“This short term I am planning a musical performance by a string quartet of Bates students and the Deansmen,” commented Gee.

So why should you volunteer at the Towers? Gee stresses BST’s relaxed and fun nature.

“People should volunteer at BST because it is a low commitment program.  I know that many people want to volunteer but are afraid that if they volunteer once, they will be obligated to go every week. With the BST program, we have had volunteers that only come once to those who come every week. This program is also genuinely fun and rewarding. The “work” consists of playing games, cooking, and talking to people. Volunteers also enjoy seeing the noticeable mood lift in the residents due to their presence,” explained Gee.

While an afternoon of volunteering may not seem like a huge deal to a Bates student, one afternoon can have a substantial impact on one or more BST resident.

“The residents of BST love Bates students, so why not brighten someone’s day?” pointed out Gee.

There are a plethora of reasons to volunteer at the Towers such as lifting someone’s spirit, to relax, to have fun, as a study-break, for a community service project, etc. There are far fewer reasons not to volunteer. Chances are you, as a volunteer, will benefit just as much from your time at the Towers as the BST residents. What do you have to lose?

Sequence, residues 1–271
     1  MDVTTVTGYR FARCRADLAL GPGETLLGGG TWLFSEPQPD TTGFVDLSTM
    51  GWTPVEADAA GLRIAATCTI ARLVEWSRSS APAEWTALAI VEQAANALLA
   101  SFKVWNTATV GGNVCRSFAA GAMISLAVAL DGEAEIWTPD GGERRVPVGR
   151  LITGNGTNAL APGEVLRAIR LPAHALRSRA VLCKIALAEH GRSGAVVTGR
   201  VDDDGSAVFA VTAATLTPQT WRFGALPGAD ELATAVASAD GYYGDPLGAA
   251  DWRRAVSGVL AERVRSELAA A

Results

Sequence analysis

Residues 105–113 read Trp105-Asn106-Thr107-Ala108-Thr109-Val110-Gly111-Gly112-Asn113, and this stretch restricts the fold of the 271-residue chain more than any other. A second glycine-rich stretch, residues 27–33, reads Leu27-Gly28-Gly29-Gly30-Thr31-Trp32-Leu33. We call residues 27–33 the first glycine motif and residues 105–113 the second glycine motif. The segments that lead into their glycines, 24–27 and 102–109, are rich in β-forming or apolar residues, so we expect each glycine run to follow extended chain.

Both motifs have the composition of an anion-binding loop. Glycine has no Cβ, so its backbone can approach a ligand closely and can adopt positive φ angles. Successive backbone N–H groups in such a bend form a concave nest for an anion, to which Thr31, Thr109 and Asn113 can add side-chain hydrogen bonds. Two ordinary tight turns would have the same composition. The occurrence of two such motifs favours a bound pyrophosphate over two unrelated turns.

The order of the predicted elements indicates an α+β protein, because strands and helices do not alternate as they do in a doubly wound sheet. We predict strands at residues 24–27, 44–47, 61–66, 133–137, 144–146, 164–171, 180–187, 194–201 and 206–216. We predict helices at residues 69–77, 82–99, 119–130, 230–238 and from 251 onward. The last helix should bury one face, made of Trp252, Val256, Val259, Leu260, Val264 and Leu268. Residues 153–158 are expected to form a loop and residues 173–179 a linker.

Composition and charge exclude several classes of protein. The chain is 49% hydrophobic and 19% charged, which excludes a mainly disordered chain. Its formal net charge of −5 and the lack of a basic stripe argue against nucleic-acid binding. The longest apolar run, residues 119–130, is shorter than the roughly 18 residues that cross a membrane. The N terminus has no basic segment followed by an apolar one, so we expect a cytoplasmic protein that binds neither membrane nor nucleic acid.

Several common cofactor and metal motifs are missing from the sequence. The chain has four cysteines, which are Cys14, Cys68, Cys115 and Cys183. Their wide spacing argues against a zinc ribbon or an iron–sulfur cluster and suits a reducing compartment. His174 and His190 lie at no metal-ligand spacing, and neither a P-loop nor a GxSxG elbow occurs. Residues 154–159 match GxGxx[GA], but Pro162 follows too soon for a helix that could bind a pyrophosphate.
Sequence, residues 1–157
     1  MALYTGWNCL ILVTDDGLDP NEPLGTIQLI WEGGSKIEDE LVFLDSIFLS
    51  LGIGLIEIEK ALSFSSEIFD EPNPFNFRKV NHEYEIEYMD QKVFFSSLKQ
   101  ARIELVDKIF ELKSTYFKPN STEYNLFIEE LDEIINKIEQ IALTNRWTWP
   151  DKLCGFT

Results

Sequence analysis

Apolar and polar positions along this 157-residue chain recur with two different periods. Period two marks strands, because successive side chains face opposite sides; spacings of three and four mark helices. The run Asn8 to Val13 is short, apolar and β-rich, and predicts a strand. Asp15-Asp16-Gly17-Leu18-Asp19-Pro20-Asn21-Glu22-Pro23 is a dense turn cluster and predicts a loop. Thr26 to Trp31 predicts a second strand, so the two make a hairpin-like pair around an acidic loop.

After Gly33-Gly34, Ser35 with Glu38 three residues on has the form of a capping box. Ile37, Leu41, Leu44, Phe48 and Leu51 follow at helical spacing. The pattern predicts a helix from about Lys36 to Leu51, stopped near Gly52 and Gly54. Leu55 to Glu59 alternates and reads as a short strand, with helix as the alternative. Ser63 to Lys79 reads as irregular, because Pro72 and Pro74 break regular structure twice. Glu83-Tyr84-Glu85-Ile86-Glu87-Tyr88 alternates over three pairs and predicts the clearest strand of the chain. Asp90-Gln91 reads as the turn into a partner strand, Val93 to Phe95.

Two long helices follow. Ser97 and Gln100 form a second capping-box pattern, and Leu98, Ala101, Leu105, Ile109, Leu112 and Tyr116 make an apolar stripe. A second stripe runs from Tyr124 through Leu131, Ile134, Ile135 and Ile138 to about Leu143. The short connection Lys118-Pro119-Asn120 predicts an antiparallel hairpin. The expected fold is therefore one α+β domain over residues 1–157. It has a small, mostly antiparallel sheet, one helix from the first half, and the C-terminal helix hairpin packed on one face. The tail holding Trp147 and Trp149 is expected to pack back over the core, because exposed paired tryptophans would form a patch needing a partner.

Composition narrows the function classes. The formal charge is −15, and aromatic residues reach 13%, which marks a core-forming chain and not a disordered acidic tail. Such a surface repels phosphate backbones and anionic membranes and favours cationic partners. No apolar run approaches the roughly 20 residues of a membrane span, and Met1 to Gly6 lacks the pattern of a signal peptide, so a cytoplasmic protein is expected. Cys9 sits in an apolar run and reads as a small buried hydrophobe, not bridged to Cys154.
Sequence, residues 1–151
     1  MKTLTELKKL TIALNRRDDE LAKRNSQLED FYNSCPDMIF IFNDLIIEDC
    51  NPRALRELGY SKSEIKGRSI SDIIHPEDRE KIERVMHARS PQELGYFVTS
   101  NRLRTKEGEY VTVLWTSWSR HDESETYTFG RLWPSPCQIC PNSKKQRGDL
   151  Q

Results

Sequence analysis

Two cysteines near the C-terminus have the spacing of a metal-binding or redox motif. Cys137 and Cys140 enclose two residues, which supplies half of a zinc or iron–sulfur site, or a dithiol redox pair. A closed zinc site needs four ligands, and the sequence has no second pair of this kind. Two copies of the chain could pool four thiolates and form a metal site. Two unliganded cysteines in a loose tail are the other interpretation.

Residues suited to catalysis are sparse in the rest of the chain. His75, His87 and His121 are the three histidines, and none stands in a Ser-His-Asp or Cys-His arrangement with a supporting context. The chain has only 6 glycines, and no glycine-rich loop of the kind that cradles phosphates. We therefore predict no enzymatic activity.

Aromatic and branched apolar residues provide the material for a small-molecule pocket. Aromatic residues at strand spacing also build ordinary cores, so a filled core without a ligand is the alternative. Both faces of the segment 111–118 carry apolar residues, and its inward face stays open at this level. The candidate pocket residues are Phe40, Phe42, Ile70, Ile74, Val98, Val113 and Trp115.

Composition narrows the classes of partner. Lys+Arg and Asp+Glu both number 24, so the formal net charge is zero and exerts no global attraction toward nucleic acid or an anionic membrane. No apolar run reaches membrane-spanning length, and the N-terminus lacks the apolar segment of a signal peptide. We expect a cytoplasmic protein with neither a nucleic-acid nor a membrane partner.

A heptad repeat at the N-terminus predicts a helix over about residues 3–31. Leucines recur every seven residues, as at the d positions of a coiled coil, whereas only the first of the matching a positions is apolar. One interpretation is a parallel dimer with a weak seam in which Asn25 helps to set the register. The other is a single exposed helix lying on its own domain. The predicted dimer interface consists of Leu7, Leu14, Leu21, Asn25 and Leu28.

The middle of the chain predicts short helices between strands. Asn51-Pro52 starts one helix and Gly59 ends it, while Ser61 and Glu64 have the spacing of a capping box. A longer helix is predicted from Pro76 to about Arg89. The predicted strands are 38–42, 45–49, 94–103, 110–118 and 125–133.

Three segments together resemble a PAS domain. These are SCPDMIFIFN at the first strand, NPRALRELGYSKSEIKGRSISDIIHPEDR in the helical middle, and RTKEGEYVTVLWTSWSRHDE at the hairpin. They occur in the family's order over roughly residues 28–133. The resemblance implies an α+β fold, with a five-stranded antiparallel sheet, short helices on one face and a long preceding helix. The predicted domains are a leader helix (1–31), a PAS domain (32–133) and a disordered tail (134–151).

MEDLIFE: Helping low-income communities in Latin America


Still searching for a rewarding summer experience? Consider Medicine, Education and Development to Low Income Families Everywhere (MEDLIFE) – a non-profit organization devoted to providing low-income communities in Latin America with better access to medicine, education, and community development initiatives. For several years, Bates students have spent their summers with MEDLIFE. This summer, you could be one of them.

In 2005, Nick Ellis of the University of Maine founded MEDLIFE. Today, MEDLIFE has chapters at 48 universities and colleges across the world. Currently, Bates’ chapter is lead by Logan Greenblatt ’14.

“[Ellis] decided to make a difference. I have seen what he has seen; it is time to help others. For my whole life I feel I have had things handed to me. It isn’t fair that people have to live in these kinds of situations. By bringing MEDLIFE to Bates I can share my experiences and hopefully get other students on the train and do what we should do, help,” said Greenblatt.